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The flutter of the butterfly in the gross domestic product

Years ago, when the concept “globalization” simply did not exist, we economics students saw macro and microeconomics as two totally different subjects, and companies and self-employed people in their daily activity, did not care exactly what would happen in the rest of the world, with the exception of the price of Petroleum.

But globalization imposed a radical change in mentality, and we were able to verify the truth of the saying: when a butterfly flaps its wings in one part of the world, it can cause a hurricane at the other end of the planet. 

To this day, at the beginning of the period that is beginning to be known as postpandemic, there is already a clear intention that the inhabitants of the first world want to quickly recover their consumption habits. 

There is a clear expectation of increase in consumption worldwide, which will benefit all sectors of activity, and will even create new ones supported by the introduction of the 5G technology and by the fact that the so-called green transition towards renewable energies is beginning to permeate public and private policies in all countries.

But that palpable expectation of demand growth, which could lead to the Gross Domestic Product of advanced economies were graphically represented with a rounded V, is already being questioned by an important reality: the shortage of raw materials especially copper, steel, and wood, and the undeniable increase in price, he cost of shipping freight, as well as the shortage of labor.

The above entails an inevitable worsening of cProduction costs: (the great enemy of any entrepreneur or self-employed person as they cannot avoid it or pass it on in its entirety to their client).

 Thus, a debate arises that generates volatility in the GDP's of any country: the level of prudence with which companies must adjust their production and, therefore, a possible reduction in the stock availability of final products, already indicates that 2022 may tarnish the optimism that we perceive in 2021, as seen in the following table:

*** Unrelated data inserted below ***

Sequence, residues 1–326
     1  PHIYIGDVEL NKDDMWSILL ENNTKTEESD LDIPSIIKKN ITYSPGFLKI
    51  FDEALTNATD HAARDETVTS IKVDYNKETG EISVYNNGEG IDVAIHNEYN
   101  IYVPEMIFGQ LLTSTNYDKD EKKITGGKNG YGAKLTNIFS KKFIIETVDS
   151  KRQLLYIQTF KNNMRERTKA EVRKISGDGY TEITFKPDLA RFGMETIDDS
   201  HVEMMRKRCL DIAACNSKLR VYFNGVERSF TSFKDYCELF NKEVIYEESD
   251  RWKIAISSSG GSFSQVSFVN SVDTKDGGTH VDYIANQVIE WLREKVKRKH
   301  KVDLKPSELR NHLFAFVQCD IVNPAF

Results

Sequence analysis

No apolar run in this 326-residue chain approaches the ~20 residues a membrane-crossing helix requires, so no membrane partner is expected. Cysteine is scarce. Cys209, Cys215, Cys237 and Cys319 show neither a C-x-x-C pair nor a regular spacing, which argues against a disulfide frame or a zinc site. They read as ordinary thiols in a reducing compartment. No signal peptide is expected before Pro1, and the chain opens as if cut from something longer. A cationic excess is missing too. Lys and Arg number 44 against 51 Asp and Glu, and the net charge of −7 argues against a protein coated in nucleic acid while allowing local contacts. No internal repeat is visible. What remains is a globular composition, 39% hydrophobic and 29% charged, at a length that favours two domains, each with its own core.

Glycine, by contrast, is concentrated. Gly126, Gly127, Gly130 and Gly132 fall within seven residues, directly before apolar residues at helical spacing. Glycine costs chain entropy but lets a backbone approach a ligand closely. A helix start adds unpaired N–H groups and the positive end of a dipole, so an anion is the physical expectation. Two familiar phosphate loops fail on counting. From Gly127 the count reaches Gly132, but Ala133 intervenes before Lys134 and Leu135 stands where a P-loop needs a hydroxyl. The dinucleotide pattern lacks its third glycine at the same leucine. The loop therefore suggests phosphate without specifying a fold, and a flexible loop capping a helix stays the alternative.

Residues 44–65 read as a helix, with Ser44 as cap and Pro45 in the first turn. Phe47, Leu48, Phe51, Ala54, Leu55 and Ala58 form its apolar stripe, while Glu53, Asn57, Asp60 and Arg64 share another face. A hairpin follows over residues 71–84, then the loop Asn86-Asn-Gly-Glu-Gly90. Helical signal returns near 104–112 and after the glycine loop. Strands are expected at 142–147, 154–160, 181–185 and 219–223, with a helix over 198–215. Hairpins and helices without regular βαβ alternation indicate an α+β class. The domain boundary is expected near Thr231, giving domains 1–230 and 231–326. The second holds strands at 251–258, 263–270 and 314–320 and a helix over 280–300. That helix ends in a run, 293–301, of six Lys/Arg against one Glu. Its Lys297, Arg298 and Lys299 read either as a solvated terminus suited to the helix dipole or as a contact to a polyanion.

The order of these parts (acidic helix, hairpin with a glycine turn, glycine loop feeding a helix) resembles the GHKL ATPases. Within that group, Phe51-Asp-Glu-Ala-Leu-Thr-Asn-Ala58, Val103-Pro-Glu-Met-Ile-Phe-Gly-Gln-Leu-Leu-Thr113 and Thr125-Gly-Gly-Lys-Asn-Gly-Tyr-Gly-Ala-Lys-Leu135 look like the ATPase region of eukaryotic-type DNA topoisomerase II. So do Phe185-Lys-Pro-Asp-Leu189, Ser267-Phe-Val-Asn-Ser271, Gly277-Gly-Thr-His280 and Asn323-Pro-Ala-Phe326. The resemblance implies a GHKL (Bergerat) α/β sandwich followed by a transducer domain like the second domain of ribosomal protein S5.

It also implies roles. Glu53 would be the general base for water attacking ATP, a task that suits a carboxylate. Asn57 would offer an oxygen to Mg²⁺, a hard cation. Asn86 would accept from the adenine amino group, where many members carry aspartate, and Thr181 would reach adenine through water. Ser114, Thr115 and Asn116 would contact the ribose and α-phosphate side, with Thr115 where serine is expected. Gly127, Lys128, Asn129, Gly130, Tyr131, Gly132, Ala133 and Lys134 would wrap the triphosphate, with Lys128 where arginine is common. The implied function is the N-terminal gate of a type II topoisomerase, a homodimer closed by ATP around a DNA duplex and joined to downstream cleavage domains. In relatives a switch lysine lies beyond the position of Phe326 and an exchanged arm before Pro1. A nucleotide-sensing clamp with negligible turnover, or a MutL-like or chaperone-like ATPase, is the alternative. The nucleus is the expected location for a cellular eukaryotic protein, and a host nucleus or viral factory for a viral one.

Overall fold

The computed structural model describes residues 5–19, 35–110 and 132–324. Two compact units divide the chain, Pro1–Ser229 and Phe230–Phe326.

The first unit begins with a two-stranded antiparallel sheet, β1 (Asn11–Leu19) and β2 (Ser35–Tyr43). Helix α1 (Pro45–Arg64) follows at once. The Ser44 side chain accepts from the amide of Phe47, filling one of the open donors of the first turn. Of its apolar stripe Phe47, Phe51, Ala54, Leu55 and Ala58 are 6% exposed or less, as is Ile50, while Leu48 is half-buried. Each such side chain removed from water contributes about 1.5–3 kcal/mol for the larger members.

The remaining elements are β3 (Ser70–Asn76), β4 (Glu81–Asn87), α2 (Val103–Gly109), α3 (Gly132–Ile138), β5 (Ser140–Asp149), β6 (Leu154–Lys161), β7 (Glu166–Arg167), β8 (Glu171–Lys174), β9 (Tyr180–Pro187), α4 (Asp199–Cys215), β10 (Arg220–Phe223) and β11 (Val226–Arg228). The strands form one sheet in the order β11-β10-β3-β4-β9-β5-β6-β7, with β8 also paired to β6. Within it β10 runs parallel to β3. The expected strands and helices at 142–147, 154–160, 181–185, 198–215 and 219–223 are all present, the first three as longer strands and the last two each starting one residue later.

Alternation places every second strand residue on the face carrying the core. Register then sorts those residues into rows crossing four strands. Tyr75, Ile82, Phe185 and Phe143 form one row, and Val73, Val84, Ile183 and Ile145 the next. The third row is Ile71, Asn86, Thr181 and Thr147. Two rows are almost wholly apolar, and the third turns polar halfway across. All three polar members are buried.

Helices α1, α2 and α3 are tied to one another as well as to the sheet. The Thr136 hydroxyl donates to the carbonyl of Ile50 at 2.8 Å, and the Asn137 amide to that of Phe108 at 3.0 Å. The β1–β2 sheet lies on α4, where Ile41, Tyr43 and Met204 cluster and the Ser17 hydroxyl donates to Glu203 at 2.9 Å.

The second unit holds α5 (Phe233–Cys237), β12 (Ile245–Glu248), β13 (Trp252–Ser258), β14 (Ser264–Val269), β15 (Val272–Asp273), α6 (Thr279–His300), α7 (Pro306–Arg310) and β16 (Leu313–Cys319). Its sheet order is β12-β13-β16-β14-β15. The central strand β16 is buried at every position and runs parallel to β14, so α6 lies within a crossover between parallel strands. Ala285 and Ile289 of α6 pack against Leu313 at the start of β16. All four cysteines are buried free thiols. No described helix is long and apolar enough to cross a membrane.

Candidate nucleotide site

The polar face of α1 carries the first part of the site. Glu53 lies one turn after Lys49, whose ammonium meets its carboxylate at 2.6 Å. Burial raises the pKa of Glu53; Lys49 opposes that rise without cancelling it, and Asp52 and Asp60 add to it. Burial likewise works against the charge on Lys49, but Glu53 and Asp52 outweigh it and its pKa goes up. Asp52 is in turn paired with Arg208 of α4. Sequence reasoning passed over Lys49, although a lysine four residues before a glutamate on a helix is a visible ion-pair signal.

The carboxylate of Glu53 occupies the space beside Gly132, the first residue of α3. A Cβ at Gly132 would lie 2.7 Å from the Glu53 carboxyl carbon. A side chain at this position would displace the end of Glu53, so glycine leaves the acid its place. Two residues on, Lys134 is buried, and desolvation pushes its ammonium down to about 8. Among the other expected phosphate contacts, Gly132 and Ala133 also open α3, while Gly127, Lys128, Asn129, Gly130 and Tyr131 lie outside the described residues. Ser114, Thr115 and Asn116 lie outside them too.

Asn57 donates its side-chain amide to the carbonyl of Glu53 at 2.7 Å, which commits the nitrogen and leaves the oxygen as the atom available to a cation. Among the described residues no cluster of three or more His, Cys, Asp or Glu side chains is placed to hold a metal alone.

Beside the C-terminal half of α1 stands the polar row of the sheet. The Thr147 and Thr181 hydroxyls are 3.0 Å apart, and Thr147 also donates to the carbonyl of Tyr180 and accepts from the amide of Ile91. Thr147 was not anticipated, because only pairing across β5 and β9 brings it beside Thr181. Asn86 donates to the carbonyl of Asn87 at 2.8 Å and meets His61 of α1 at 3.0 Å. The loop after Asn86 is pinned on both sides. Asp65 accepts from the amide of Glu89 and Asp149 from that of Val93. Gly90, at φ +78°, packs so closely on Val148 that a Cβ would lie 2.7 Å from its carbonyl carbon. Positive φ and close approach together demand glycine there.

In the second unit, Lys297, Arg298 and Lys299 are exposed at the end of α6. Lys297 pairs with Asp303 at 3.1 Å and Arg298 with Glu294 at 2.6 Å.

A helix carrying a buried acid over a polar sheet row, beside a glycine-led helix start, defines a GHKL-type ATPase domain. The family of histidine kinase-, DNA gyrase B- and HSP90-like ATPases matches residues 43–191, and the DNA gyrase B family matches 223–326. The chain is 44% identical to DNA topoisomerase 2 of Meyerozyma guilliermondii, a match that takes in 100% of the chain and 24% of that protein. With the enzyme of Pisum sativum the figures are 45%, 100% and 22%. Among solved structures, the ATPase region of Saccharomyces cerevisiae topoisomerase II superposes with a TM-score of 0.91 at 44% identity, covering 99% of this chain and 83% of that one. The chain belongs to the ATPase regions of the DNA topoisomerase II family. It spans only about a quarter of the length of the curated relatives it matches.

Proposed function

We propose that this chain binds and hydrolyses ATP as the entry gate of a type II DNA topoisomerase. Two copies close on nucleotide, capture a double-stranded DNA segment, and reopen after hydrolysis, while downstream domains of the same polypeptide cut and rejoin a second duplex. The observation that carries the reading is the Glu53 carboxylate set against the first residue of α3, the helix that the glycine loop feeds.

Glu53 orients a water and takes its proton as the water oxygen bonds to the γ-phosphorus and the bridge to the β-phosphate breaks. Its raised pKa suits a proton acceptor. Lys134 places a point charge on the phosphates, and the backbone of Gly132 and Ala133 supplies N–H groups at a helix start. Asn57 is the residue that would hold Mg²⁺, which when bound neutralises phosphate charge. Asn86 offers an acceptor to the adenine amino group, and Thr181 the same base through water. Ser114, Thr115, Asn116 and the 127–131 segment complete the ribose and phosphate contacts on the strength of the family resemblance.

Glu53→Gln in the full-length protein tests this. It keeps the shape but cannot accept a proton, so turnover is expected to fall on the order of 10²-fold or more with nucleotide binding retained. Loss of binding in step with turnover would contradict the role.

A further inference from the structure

Screenshot 2021 10 26 at 14.17.04
Source: International Monetary Fund

The biggest beneficiaries are, without a doubt, the countries that produce raw materials or those that process them.

This is the case of China, which are already storing copper and cobalt so that in the medium term their factories do not come to a standstill when, in a few years, the transition towards renewable energies becomes solid and demand skyrockets even more. 

This has a lot to do with the fact that the 60% in German factories are already slowing down their production and delaying deliveries to customers. But China also happens to be the main steel producer in the world, and its main clients: Europe and the US, with significant growth in their demand, are raising their price (since April by 50%) and starting to put a brake on the construction sector.

The The labor shortage not only affects the United Kingdom due to the immigration policies imposed by Brexit (and which until its entry into force provided this country with cheap labor and made it have very efficient production sectors), but also the rest. of Europe. 

A faster-than-expected post-pandemic recovery, an increasingly aging population and an active population with a shortage of training in the main job-providing sectors: communications, construction, healthcare and hospitality, hamper this availability of labor. All of this, fueled because the job search is slowed down by the scenario of low salaries, a shortage of professional prospects, along with demanding working conditions.

The uncertainty scenario is evident, but nothing conclusive. Companies and their financial directors will be obliged to be very attentive and informed about “the butterfly that flaps its wings”, to adapt their business plans to the desired search for profitability.

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